A few months ago, you might have thought that slowing life down under quarantine would come with a silver lining of providing time to catch up on lost sleep. No commute? Fewer responsibilities and outside obligations? Suddenly, many of us found ourselves with those extra hours every week that we used to wish we had.
So why are we not well-rested?
Experts generally recommend between 7-9 hours of good quality sleep every night to be at our best. Good sleep means falling asleep in less than 30 minutes and sleeping through the night with minimal interruptions (no more than one).
Unfortunately, being home with more time on our hands isn’t the key to getting more sleep. Managing stress is. The pandemic that has quarantined millions of people globally has disrupted schedules and contributed to anxiety, fear, isolation, family stress, excess screen time, and stress-related fatigue. All of this puts a considerable stress burden on your body and mind, which, in turn, can cause restlessness, insomnia, and nightmares.
In short, even if we have more time available to sleep, we are experiencing more barriers to sleep than before the pandemic.
Sleep is critical for physical and emotional health, and for your immune system to function optimally. If you’re restless, suffering from nightmares, and waking frequently, you aren’t getting the kind of quality sleep your mind and body need to fight off infection.
If you regularly get less sleep than you need, your body develops a state of sleep deficit that can lead to physical and mental health problems.
A sleep deficit increases inflammation, weakens your immune system, and contributes to chronic conditions, like:
In times of extreme stress, the quantity and quality of our sleep suffer, and we increase our risk of developing long-term health issues.
Managing your stress and being intentional about your sleep habits can help you develop a healthier sleep cycle.
Maintain a consistent sleep cycle Staying up late, sleeping in, and napping at will sound great! And they can be when done consistently. But if your sleep and nap schedules are random, your mind and body may have a difficult time adjusting. Committing to a regular bedtime and wake time can help. And if you do nap, limit yourself to one short nap at the same time every day.
Avoid the “COVID” diet – Comfort food is king at a time like this, but the soothing effects are fleeting. And since we tend to reach for the high calorie, high sodium, or sugary foods when stressed, heartburn and weight gain may follow. They can also affect your sleep. Fight the siren song of the sweets and carbs and fill up on crunchy raw vegetables and water if you need to snack. Your body and mind will feel better for it.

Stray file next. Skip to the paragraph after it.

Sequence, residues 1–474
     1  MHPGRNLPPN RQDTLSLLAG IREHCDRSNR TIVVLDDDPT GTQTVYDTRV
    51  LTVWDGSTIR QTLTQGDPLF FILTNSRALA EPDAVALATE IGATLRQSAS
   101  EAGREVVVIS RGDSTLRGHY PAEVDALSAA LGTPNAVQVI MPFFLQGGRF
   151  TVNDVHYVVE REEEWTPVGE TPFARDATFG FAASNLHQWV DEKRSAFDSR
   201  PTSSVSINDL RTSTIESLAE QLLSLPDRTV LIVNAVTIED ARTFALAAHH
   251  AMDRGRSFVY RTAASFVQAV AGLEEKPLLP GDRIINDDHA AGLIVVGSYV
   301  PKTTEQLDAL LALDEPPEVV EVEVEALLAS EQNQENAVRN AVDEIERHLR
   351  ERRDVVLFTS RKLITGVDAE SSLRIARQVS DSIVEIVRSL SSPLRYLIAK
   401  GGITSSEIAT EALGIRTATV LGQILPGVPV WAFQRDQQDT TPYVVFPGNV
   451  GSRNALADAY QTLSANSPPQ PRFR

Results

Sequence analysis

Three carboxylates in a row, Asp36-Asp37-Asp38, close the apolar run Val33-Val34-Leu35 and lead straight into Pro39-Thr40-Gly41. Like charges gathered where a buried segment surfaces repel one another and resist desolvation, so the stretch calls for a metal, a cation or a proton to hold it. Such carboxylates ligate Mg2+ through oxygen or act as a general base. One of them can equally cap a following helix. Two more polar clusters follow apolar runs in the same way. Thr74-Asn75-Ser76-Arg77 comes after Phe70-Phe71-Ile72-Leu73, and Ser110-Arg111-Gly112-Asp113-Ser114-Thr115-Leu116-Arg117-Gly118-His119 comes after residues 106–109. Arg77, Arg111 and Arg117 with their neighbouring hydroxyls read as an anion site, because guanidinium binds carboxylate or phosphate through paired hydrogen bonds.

Find a way to be active – Sheltering in place may mean a drastic reduction in the amount of activity you get in a typical day. This can significantly affect your sleep cycle. Your body and mind both need physical activity to decrease your stress and to become fatigued enough to sleep. If you have space to walk safely outside, the fresh air and sunlight will also help your sleep cycle. But if you don’t have space, or can’t get outdoors due to quarantine restrictions, you can still benefit from indoor activity.
Keep bedtime peaceful – it may be tempting to check the news or the numbers at the end of the day, but that can lead you to carry the stress and fear to bed with you. Make bedtime a relaxing, peaceful end to your day. If you have space, make your sleeping area a sanctuary of peace. Keep the lights low, the temperature comfortable, and electronics off.
Make yourself a priority – Lives all over the world were turned upside down by this virus. We have had to change our habits, routines, work and school lives, self-care, social activities, and how, when, and where we shop for necessities. We have lost family, friends, jobs, freedom, and peace of mind. You may be trying to work and care for your family while worrying about finances and health. It can all be too much. Allow yourself to grieve, adjust, and rest. You don’t have to do it all or be perfect at anything. That kind of stress and expectation will definitely keep you awake at night.
Reach out – One of the best remedies for stress is a strong support network. Social support helps build resiliency, helps lower stress levels, and boosts your overall well-being. And it’s a two-way street. Offering support feels just as good as receiving it. Reach out to your family, friends, neighbors, and coworkers. You’ll all sleep better.
By this stage in the pandemic, you probably have a health routine in place that includes wearing a mask, frequent hand washing, and social distancing. Consider adding quality sleep to that list for your physical and mental health.